Sleeping-Bear-Point-Wreck-by-Mark-Lindsay

Wreck of the Jennie and Annie washes up on Sleeping Bear Point

About a week ago now I came across this photo by Mark Lindsay. I asked former Park Ranger Bill Herd, and he told me what has since come out in the media. From 140-year-old shipwreck piece washes ashore on remote stretch of Sleeping Bear Dunes beach in mLive:

Sleeping Bear Dunes historians believe the schooner fragment, estimated to be about 40-feet long and peppered with twisted metals spikes, is part of the ship’s bilge keelsons, which the Oxford Handbook of Maritime Archeology says were long timbers running most of the ship’s length, strengthening the keel.
It’s one of several fragments of the wreck to wash ashore over the years, said Laura Quackenbush, museum technician with park service. In fact, wreck fragments from the Jennie and Annie, as well as other ships which foundered off the dunes coastline, wash ashore once or twice a year.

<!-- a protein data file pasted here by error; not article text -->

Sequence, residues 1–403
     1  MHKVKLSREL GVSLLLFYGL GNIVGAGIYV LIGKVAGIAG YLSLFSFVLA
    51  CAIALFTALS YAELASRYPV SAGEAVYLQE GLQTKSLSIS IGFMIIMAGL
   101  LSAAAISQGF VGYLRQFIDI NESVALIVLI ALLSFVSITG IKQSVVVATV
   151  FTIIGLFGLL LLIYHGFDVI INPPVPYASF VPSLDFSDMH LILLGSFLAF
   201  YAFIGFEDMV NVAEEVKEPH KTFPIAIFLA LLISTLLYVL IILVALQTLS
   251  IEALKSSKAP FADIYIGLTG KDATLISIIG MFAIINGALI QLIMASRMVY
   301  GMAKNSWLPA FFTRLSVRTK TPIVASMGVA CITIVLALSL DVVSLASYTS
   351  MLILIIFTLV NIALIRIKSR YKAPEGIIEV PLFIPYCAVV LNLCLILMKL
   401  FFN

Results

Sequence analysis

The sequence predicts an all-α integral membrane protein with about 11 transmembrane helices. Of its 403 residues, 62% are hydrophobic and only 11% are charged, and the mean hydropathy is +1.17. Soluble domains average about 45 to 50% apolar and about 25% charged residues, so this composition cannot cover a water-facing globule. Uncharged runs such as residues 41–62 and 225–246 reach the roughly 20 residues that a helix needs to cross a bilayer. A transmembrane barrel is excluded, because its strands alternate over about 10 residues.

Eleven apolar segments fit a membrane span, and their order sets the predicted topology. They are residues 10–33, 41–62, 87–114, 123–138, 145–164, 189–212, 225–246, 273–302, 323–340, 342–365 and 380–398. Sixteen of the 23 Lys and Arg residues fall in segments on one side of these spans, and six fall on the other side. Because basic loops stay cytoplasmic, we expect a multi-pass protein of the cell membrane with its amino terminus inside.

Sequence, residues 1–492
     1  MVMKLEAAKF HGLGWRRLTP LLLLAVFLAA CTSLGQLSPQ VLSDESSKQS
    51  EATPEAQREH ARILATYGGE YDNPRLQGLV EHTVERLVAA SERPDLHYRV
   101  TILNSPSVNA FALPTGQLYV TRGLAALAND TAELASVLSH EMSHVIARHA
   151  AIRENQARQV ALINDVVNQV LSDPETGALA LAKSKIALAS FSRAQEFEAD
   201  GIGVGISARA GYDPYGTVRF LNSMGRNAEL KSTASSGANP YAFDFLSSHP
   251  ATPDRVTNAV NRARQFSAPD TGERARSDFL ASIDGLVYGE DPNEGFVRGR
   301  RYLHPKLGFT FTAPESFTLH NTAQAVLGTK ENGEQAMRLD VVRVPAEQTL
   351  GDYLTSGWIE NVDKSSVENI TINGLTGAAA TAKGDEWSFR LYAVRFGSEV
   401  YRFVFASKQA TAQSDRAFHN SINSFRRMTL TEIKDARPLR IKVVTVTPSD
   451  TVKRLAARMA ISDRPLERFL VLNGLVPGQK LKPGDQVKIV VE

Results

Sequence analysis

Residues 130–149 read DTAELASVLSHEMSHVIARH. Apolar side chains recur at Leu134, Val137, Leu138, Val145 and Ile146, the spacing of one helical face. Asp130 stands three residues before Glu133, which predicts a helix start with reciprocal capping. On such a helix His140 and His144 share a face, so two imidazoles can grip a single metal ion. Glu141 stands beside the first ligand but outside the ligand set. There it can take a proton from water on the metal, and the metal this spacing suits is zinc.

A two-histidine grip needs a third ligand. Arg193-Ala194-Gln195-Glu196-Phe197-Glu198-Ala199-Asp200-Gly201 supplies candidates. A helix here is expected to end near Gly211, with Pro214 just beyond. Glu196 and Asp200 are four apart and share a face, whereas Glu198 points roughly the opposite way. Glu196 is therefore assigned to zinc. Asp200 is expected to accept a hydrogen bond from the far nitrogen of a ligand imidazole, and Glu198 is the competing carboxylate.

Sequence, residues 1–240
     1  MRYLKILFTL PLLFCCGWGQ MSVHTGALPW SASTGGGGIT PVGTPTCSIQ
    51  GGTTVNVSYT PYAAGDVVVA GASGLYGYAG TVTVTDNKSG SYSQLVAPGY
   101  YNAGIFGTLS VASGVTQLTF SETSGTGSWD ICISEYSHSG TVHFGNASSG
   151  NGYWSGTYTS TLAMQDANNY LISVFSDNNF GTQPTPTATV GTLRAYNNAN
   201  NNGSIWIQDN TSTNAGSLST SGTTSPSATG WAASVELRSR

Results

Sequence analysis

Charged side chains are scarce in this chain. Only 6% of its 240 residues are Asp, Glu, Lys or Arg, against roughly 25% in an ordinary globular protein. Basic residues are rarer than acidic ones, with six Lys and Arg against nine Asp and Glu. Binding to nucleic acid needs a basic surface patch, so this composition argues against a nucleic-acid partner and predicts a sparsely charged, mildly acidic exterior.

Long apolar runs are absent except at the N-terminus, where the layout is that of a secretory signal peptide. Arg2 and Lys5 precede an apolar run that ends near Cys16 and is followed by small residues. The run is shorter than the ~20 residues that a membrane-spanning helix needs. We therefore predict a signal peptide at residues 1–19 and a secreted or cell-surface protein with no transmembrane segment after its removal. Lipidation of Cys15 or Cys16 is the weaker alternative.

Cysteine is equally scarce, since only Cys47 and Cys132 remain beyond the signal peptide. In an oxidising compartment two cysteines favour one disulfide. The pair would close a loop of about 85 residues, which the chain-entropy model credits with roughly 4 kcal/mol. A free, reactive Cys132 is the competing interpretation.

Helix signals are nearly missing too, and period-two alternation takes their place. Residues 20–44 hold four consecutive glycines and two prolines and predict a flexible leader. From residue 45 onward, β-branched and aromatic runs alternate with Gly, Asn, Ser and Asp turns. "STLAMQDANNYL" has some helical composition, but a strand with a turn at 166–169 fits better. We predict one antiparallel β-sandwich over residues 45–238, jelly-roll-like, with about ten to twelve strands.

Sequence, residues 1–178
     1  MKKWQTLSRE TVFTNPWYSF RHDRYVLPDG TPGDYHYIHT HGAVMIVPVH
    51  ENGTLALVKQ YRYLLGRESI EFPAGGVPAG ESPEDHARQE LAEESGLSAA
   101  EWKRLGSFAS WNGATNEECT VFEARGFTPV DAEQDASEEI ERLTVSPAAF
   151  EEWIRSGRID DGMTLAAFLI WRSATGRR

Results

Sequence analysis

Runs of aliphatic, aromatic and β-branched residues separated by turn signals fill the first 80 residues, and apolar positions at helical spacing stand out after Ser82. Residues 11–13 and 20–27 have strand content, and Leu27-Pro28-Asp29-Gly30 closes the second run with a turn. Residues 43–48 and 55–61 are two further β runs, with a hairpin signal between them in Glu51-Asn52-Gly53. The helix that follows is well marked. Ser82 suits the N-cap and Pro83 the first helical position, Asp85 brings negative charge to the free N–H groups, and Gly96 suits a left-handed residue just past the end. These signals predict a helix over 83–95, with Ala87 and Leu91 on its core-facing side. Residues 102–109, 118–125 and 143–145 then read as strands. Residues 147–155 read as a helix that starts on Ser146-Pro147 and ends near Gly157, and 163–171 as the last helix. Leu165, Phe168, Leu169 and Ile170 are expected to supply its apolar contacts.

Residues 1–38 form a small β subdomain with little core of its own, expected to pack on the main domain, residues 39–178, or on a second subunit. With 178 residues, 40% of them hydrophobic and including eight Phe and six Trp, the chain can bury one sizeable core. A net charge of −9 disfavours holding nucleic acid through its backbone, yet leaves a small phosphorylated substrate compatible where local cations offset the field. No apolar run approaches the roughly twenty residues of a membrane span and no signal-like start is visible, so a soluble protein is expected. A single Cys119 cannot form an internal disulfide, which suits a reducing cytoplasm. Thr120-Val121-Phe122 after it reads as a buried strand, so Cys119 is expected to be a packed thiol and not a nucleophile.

“It’s a very dynamic shoreline,” she said. “It’s a common occurrence around there.”

Over the weekend photographer Ken Scott made the hike and posted the video below of the Jennie and Annie and also of the other (as yet nameless) wreck that we reported on last year.

Photo credit: Sleeping Bear Point Wreck by Mark Lindsay

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6 replies
    • Andrew McFarlane
      Andrew McFarlane says:

      Hi Charlie, many of the wrecks in the Manitou Passage are well known, both in general location and in the pieces that remain. The Jennie and Annie was one of these cases. Bill told me that this one regularly is uncovered by moving sand.

      Reply
  1. Steve
    Steve says:

    I hiked out last week to see the shipwreck, and was curious as to whether that marine colored nylon type rope existed back in the 1870’s.

    Reply
  2. Steve
    Steve says:

    Thanks, Andrew. That answers that.

    BTW, the wreck pictured up top you hit first, the second is another 15 minute walk south. It was a fun way to spend last Sunday.

    Reply

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